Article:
Professor Charlotte Williams OBE, who is the chair of 'Black, Asian and Minority Ethnic Communities, Contributions and Cynefin in the New Curriculum Working Group', told ITV Wales: “Schools across Wales are being encouraged to rise to the challenge of integrating Black history and the contributions of Black, Asian and minority ethnic people across all learning areas in the new curriculum. New resources, training and guidance are available to support this priority. This initiative is unprecedented and poised to make a significant and positive difference to the experience of all pupils in Wales.

"This isn’t about adding an element of Black and minority ethnic history here and there in the new curriculum, but about reimagining learning and teaching across all the elements of the curriculum so that it reflects a Wales that is, and always has been, ethnically diverse, internationalist in its outlook and progressive in its aspirations.”

How will this benefit the education of Black and ethnic minority children? 

The new curriculum framework is intended to offer opportunities to support school pupils with a broad and balanced education.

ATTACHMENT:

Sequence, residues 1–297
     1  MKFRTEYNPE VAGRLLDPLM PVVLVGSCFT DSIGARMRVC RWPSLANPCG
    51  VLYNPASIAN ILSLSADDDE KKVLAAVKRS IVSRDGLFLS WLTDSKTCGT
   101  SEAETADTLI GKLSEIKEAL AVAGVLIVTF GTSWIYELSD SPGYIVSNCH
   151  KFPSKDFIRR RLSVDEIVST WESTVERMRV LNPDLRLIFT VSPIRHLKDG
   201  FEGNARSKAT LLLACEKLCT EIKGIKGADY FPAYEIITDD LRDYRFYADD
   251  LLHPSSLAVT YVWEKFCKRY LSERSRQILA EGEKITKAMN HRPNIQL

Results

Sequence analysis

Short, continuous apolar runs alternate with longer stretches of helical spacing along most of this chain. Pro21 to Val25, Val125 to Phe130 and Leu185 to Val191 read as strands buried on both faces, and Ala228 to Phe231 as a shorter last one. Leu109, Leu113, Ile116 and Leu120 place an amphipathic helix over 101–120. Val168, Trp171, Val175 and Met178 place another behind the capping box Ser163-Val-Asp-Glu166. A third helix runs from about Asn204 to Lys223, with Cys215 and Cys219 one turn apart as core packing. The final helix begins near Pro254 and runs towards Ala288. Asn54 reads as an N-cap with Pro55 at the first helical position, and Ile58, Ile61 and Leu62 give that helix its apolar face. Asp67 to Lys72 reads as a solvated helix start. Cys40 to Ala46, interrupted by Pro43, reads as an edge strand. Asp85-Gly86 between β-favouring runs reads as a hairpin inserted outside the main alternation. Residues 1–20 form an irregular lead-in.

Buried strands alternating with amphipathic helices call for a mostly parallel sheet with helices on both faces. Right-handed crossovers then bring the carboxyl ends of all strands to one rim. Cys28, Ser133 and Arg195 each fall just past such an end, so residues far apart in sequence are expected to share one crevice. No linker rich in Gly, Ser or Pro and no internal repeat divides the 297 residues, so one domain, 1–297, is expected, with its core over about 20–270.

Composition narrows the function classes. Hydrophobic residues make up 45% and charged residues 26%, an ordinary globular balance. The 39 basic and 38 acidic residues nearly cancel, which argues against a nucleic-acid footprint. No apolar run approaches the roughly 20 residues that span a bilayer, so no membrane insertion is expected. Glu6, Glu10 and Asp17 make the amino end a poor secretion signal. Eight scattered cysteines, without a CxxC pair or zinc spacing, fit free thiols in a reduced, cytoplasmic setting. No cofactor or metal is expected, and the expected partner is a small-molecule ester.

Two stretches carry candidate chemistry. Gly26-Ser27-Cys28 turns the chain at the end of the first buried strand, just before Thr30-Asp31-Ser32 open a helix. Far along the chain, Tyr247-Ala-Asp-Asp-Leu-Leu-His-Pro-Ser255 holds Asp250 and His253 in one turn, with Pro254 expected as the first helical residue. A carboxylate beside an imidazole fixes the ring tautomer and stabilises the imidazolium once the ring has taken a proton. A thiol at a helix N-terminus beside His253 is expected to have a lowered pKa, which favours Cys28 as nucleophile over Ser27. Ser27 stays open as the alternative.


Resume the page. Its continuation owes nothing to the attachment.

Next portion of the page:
In investigating and exploring the human experience within their localities and elsewhere in Wales, as well as in the wider world, it is hoped that learners will be supported to discover their heritage and develop a sense of place.

Angel Ezeadum expressed her hopes that the new curriculum will build a more tolerant society that celebrates identities and differences. She told ITV Wales: “The younger generation will be our future leaders, front line workers and the lifeline of society thus it is so important to instil an inclusive mindset into them from an early onset.

“This is only just a small step towards the goal for equality and a world with zero discrimination so we must not get too carried away. However, it is important to celebrate this success and hope for many more to come."